SAFOD Insights into the “Earthquake Machine”
Scientists working with the San Andreas Fault Observatory at Depth will be presenting two talks at AGU this week, detailing new insights to how earthquakes start. Earlier this summer, the SAFOD borehole completed a major goal of drilling through the active fault zone along the San Andreas Fault near Parkfield.
One of the interesting discoveries along the fault involves nonvolcanic tremors that seem to correlate well with actual earthquakes that happen at later point in time.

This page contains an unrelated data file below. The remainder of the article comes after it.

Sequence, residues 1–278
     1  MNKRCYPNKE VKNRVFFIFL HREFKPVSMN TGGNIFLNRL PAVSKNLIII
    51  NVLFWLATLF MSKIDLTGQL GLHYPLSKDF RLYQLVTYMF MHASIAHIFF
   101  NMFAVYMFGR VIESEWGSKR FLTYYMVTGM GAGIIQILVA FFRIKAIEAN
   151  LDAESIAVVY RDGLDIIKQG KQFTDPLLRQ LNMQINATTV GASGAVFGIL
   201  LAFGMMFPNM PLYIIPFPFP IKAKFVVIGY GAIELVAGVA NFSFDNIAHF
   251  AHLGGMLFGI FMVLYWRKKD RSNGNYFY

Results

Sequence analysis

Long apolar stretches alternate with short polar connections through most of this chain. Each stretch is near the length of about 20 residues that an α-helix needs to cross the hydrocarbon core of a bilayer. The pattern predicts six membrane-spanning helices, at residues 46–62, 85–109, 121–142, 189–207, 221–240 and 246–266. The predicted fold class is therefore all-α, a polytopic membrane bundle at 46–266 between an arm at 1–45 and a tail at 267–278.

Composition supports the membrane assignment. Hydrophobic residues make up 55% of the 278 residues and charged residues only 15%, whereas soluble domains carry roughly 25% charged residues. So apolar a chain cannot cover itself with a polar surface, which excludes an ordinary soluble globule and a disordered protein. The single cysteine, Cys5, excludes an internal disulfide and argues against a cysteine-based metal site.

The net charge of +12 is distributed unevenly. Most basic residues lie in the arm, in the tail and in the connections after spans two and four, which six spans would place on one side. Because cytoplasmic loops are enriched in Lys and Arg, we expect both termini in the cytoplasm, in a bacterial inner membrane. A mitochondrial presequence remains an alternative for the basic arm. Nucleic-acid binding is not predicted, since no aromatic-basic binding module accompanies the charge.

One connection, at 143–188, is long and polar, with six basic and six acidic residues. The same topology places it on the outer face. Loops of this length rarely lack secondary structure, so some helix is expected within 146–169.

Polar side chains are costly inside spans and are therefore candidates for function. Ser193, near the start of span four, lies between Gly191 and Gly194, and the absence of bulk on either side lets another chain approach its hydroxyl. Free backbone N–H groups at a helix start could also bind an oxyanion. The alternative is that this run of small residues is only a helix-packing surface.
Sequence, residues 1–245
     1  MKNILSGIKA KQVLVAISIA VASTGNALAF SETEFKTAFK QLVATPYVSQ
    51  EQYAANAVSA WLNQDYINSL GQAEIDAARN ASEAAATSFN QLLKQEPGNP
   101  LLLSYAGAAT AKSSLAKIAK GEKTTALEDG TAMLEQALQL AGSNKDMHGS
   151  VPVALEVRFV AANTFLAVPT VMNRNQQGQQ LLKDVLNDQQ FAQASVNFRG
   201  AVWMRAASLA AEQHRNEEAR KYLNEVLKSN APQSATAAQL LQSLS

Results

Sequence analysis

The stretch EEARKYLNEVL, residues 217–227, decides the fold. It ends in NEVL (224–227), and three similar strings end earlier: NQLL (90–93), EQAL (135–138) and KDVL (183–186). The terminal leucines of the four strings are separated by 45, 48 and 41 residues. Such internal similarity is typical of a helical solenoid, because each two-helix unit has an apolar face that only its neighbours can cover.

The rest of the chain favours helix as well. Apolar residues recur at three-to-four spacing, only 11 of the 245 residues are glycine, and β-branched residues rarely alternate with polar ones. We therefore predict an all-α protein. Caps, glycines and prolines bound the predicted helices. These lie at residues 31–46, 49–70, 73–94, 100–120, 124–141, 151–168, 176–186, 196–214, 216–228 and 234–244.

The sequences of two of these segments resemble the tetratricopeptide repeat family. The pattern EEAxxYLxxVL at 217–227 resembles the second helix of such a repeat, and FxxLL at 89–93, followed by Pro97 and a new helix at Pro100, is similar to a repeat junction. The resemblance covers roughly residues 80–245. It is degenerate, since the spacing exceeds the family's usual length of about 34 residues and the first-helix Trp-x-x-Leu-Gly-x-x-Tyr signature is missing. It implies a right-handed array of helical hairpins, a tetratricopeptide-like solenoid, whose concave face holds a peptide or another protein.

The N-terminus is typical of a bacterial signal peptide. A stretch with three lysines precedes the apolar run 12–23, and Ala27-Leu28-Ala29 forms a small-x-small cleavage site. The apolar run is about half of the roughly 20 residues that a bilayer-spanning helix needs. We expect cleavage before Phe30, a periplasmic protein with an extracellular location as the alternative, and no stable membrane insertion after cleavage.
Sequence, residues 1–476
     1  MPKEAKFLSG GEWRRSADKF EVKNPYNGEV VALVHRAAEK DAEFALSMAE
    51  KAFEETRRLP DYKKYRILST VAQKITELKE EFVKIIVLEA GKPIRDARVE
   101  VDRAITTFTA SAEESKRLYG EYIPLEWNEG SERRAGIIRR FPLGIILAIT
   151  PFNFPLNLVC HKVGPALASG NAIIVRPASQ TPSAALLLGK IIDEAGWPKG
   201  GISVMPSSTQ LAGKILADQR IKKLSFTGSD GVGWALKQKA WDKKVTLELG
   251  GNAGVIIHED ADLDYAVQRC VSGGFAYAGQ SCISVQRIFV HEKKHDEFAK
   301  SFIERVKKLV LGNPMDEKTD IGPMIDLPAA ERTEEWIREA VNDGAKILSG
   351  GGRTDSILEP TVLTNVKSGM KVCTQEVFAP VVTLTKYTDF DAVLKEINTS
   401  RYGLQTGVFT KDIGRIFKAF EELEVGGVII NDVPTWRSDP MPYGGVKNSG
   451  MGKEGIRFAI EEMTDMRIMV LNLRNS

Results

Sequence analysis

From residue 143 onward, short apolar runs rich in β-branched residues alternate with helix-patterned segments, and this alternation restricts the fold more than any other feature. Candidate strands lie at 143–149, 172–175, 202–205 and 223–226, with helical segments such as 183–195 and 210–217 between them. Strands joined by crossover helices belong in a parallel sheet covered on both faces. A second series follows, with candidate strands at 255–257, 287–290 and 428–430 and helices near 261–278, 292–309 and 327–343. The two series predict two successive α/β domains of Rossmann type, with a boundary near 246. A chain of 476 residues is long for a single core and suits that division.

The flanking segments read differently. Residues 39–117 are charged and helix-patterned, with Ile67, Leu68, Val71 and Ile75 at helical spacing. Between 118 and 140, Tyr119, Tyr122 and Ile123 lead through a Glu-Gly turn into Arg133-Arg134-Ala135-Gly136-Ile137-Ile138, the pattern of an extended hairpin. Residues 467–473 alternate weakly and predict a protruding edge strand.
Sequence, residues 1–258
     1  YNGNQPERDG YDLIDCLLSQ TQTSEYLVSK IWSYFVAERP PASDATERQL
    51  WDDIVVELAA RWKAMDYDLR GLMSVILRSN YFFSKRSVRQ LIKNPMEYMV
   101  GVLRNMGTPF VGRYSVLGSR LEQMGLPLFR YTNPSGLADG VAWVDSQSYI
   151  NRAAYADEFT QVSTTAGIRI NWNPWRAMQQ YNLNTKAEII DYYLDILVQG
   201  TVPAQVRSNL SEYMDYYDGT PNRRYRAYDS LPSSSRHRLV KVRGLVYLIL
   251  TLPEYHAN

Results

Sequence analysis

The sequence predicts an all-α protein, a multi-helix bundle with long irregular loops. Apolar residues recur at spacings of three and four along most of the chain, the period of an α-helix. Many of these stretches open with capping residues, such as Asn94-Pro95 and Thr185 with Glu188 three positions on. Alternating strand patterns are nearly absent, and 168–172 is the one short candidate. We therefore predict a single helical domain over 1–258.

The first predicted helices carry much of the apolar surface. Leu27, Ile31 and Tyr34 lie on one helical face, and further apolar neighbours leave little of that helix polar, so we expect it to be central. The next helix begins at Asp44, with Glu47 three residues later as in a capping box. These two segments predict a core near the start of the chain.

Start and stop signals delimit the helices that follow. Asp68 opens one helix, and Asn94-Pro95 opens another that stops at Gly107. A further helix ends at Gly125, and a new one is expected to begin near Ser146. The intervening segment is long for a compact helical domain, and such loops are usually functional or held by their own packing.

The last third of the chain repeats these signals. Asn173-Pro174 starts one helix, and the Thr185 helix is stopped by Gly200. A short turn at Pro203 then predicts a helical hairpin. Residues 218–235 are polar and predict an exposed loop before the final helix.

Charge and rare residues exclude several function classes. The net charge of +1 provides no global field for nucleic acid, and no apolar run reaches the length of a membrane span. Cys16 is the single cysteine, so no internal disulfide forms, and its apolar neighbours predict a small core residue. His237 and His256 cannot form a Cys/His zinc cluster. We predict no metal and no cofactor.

From 2000 to 2003, before SAFOD drilling began, researchers from the University of California-Berkeley recorded 110 nonvolcanic tremor events along the San Andreas Fault near Parkfield. Their data showed a remarkable correlation between the frequency of tremor events and the subsequent earthquakes. The scientists discovered that an increase or decrease in the number of tremor events over a certain period of time would usually be matched by a similar increase or decrease in the number of microearthquakes (magnitude 2.1 or smaller) several weeks later, suggesting a possible causal relationship.
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